Glass ceiling still hindering women execs

Canadian female executives are still bumping their heads on the glass ceiling, according to Toronto executive search firm Rosenzweig & Co.

The company says only 4.6 per cent of the highest-paid executives at Canada's largest publicly-traded corporations are women.

"We've heard a lot of talk over the past decade or so about women breaking through the glass ceiling," says Jay Rosenzweig, managing partner of Rosenzweig & Company. "But clearly these numbers speak volumes as to how much action – or inaction – has occurred in filling the highest executive positions with women."

Women represent more than half the Canadian population and 46.6 per cent of the workforce.

Rosenzweig & Company analyzed the corporate disclosure statement of the 100 biggest publicly-traded companies in Canada, with annual revenues ranging from $2.2 billion to $30 billion. Of the 497 listed corporate officers, only 23 were women. Only one woman was a chief executive officer.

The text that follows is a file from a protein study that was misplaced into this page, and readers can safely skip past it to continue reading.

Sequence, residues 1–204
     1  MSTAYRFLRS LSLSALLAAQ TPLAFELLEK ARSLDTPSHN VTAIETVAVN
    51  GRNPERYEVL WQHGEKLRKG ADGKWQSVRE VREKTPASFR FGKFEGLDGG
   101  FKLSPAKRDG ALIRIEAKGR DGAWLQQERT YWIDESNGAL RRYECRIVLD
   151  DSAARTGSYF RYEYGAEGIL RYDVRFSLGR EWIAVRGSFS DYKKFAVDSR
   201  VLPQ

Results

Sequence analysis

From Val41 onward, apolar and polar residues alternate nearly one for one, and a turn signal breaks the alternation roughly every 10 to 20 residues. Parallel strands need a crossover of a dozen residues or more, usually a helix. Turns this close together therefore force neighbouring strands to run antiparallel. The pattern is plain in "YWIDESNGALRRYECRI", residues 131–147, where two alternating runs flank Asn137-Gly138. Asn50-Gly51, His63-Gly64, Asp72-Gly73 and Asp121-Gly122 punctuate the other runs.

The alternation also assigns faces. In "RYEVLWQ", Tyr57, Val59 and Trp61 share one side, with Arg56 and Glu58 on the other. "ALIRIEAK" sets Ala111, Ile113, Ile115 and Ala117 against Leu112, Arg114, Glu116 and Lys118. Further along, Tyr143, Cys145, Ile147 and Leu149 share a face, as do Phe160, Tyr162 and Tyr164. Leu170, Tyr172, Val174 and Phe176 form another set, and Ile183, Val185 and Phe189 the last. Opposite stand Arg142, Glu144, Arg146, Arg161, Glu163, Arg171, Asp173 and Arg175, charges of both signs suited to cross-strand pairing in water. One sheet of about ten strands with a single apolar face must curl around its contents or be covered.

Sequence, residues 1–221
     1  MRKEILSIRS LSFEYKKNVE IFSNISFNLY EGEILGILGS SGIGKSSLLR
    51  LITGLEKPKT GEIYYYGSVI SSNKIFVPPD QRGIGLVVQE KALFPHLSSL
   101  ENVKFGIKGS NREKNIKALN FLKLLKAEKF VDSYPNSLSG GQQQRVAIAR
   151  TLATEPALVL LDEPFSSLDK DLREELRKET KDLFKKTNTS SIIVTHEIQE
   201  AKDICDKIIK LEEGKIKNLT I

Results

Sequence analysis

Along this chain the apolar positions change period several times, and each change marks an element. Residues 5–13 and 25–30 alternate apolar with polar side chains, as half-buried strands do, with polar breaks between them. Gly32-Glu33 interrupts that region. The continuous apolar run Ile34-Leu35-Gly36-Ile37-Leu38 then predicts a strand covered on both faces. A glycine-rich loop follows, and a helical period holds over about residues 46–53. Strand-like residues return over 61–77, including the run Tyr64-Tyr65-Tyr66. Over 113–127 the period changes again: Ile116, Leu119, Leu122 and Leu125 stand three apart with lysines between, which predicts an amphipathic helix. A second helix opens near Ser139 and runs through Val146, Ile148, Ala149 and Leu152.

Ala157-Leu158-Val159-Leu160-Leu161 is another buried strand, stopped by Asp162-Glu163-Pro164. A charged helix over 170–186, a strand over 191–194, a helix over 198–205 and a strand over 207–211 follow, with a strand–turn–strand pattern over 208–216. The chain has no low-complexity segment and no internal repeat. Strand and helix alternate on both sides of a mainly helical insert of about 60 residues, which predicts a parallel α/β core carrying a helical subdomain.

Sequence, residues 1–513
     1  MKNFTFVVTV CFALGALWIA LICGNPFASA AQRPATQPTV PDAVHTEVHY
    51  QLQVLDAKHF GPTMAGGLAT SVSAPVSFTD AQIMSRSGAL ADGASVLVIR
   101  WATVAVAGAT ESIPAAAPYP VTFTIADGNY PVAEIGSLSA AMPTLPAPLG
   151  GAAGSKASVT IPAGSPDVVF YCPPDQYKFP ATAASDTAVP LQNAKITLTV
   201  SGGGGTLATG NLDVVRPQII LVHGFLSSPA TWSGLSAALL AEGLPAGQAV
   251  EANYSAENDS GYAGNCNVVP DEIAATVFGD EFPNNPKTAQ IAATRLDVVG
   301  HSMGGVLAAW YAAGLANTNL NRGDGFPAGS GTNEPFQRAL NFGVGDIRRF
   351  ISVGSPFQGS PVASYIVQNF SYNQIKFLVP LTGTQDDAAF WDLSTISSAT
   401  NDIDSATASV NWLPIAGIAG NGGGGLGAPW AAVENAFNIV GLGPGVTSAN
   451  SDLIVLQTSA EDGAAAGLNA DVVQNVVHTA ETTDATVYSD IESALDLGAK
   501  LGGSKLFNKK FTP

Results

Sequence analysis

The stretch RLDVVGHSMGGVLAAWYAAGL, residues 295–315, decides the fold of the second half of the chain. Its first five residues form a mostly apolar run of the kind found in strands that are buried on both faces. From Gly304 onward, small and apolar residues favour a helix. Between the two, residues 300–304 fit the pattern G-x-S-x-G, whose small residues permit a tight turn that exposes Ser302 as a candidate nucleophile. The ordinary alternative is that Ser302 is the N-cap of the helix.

"This sampling size is large enough to draw a picture, a pretty bleak picture," says Mr. Rosenzweig. "The irony is that companies only hurt themselves by ignoring such a huge talent pool of women when promoting to the top."

Mr. Rosenzweig says he was surprised at the low numbers of women in senior positions.

The low number of women sitting on boards of directors has been well documented, with only nine per cent of board seats occupied by women.

Corporate Canada must do more to bring women into the top jobs, including recruiting beyond "old boys' networks" and enhancing work environments at the highest levels that are more conducive for women, Mr. Rosenzweig says.